The last time the Phoenix Suns won a playoff game, Iron Man 2 crushed the box office, Eminem was no.1 on the Billboard charts with "I'm not afraid," and two up-and-coming TV shows, The Big Bang Theory and Modern Family grabbed the top of the tv ratings. At the beginning of the last decade, the once fan-favorite Phoenix Suns won a playoff game as they beat Kobe Bryant’s Lakers in the Western Conference Finals to tie the series at two games apiece on May 25th, 2010. What a coincidence it must be for the franchise that their first playoff win in over a decade was also against the Lakers, this time being led by LeBron James. No one was giving Phoenix a chance in this series, citing their youth and inexperience because they will be no match for the defending champions.
“Understanding that things happen in the game that don’t go your way and that you have to play through that. It’s about having that tunnel vision.”
In both series, now and then, the Suns were viewed as the underdogs. Back when small ball really wasn't a thing, the Lakers not only had one of the game’s most lethal scorers in Kobe Bryant, but he was flanked by arguably the best twin-tower combination in the league with a front line of Andrew Bynum and Pau Gasol. Kobe, being guarded by Grant Hill primarily, was a handful as expected, but having to keep Bynum and Gasol off the glass during the occasional miss proved to be too much to handle for the smaller Suns led by Steve Nash.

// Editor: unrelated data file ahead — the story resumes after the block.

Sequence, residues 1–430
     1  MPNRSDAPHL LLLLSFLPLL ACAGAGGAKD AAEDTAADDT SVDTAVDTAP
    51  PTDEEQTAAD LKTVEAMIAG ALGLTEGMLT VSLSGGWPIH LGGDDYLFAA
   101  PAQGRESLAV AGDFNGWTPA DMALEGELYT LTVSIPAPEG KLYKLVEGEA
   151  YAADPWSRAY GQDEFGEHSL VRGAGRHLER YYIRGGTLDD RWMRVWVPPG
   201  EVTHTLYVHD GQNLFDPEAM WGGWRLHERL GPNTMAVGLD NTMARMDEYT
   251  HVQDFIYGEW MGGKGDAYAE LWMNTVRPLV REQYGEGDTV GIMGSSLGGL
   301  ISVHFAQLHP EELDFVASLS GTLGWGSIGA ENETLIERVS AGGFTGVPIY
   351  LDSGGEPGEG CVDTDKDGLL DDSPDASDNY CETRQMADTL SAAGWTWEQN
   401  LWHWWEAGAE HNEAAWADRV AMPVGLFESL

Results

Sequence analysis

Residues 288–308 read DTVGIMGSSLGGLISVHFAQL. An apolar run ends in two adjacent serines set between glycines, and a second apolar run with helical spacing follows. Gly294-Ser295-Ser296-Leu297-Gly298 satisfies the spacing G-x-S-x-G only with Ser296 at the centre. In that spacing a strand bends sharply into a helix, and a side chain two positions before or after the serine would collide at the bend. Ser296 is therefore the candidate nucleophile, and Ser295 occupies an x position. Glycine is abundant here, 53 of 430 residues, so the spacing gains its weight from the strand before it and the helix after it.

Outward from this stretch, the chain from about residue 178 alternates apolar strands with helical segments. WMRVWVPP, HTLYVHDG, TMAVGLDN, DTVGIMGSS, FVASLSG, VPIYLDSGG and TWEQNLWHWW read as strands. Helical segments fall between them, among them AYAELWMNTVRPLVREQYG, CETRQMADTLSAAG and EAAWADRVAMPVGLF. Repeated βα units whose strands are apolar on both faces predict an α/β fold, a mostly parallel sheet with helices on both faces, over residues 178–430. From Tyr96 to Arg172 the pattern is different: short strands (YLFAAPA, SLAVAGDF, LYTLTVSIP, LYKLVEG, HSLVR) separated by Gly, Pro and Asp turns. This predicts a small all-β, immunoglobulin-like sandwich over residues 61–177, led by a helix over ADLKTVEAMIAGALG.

The Lakers have the size advantage once again, but in Game 1, the Suns’ speed and quickness from 1 to 5 really proved to be the difference as the defending champions looked a step too slow in trying to keep up with young stars DeAndre Ayton and Devin Booker. Book finished with 34-7-8, scoring while filling in some of the playmaking gaps left by an injured Chris Paul. Ayton was also a monster today, with a double-double garnered on a 91% clip from the field, winning what was supposed to be a very lopsided match-up between him and Anthony Davis, with AD expected to be the dominant one. This was not the case Sunday, as the bigger Lakers were outplayed on both ends of the floor for nearly the full 48 minutes and the youth that was supposed to be a disadvantage for the Suns became the deciding factor in their Game 1 victory.
Perhaps it is too early to say that Phoenix has LA on their heels. After all, in last year’s championship run, the Lakers dropped Game 1 in both of their first two series against the Blazers and the Rockets in the bubble. The Suns may not be as talented as those teams, but they have distinct advantages over the Lakers in their youth, athleticism, and team balance. While many will still say Lakers in 5 or 6, it will be interesting to see how a second seed with a nothing-to-lose mentality will continue to try and apply pressure to the Lakers after drawing first blood.
In many ways, this year’s Suns should remind us of last year’s Heat team; and if you recall the bubble, nobody had the Heat making it to the finals and challenging a healthy Lakers amidst injuries to key players on the Miami roster. The Suns have all the tools to upset the defending champions in the first round, and if we know anything about great comeback stories, they start when you least expect it.